A two-member bench of the National Company Law Appellate Tribunal (NCLAT) was conducting the hearing on a day-to-day basis for over a month.
The NCLAT on Monday concluded its hearing over the petition filed by Google, in which the tech giant challenged the Competition Commission's order imposing a $162 million penalty for anti-competitive practices in relation to Android mobile devices.
"Heard Learned Counsel for the parties. Hearing is completed. Judgment Reserved,"
said the NCLAT bench.
The $162 million fine was imposed on Google by the Competition Commission of India (CCI) last October. The regulator had also ordered the internet major to cease and desist from various unfair business practices.
This ruling was challenged before the National Company Law Appellate Tribunal (NCLAT), which is an appellate authority over the orders passed by the CCI.
Google in its petition had contended the investigation done against it by CCI as "tainted", contending that the two informants on whose complaint the fair trade regulator has initiated the enquiry were working at the same office that was investigating the tech major.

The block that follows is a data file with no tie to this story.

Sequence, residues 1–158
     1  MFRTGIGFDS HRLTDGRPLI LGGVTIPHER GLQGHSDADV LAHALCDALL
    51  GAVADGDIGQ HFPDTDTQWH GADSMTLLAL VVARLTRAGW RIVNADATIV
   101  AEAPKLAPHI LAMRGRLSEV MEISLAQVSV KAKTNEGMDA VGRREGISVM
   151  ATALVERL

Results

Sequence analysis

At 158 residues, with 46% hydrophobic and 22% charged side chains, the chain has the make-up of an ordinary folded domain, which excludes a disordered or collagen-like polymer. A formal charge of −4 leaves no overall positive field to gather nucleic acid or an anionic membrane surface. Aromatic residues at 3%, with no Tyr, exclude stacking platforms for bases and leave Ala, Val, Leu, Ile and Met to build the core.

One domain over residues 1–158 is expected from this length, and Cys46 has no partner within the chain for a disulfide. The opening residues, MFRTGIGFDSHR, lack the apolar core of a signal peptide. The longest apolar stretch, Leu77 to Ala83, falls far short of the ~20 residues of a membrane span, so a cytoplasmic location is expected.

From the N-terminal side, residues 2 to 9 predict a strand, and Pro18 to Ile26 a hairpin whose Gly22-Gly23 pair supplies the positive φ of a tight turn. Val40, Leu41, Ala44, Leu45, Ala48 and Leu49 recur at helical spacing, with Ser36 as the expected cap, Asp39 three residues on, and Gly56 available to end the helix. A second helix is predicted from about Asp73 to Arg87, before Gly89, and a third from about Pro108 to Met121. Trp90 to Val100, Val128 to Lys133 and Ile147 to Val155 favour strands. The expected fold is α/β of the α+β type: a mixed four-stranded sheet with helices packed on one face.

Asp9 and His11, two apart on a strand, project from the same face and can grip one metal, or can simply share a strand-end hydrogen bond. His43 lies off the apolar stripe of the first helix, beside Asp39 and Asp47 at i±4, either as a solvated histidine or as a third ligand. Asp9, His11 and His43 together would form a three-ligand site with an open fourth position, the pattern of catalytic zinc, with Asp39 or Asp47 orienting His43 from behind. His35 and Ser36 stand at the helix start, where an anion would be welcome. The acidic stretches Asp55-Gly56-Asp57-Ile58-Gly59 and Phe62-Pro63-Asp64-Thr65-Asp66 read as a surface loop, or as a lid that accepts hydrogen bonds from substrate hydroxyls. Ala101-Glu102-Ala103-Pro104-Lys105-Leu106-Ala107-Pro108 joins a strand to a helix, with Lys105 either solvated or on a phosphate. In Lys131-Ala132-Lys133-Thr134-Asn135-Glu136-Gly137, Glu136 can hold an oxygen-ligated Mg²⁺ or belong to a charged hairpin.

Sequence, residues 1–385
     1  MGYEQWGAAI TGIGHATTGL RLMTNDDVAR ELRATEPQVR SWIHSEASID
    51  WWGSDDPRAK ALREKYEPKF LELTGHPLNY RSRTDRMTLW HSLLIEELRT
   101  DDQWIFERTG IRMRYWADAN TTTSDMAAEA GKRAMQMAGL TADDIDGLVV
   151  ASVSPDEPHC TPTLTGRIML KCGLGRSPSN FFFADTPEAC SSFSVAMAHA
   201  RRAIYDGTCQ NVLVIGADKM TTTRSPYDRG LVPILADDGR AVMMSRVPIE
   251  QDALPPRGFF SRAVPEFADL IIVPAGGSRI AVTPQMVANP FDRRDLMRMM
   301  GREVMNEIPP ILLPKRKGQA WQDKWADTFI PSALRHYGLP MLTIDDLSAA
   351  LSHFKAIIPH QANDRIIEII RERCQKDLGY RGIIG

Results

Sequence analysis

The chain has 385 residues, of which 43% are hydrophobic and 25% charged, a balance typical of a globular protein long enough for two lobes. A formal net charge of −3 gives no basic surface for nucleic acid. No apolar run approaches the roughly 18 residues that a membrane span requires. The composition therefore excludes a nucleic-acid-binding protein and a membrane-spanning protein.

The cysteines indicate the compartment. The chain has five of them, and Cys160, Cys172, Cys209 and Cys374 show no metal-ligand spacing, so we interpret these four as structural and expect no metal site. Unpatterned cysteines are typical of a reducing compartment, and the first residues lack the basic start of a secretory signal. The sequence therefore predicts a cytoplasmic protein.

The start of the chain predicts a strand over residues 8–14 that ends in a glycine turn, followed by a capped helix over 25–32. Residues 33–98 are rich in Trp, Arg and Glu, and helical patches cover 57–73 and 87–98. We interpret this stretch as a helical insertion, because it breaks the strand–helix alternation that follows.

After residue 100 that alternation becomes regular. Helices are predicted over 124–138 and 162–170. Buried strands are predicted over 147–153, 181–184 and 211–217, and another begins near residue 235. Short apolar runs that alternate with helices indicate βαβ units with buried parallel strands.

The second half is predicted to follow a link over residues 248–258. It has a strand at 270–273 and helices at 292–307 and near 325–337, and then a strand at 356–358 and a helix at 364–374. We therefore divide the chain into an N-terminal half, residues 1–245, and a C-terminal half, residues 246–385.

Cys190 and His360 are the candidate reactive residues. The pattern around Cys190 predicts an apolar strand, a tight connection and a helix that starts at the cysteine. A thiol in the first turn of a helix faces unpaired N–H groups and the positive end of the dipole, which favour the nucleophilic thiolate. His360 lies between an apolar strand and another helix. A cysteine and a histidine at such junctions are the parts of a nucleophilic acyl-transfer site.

According to Google's plea, CCI has failed to conduct an "impartial, balanced, and legally sound investigation" while ignoring evidence from Indian users, app developers, and OEMs.
Challenging the CCI order, Google said the findings are "patently erroneous and ignore" the reality of competition in India, Google's pro-competitive business model, and the benefits created for all stakeholders.
CCI, during the course of hearing alleged that Google has created a digital data hegemony and called for a market space with "free, fair and open competition".
A CCI spokesperson submitted that Google had used its money-spinning search engine as the 'castle' and the rest of the other apps to play the defensive role of 'moat'. This 'castle and moat' strategy is data hegemony, which means a big market player tends to get bigger and bigger while a small entrant struggles to attain a critical mass of users and user data.
According to the official, data capture and data deployment are getting exploited and monetised as advertisement revenues. When the choice is the guiding principle of the competition law, Google's hegemony reduces both choice and competition.
Source: Outlook India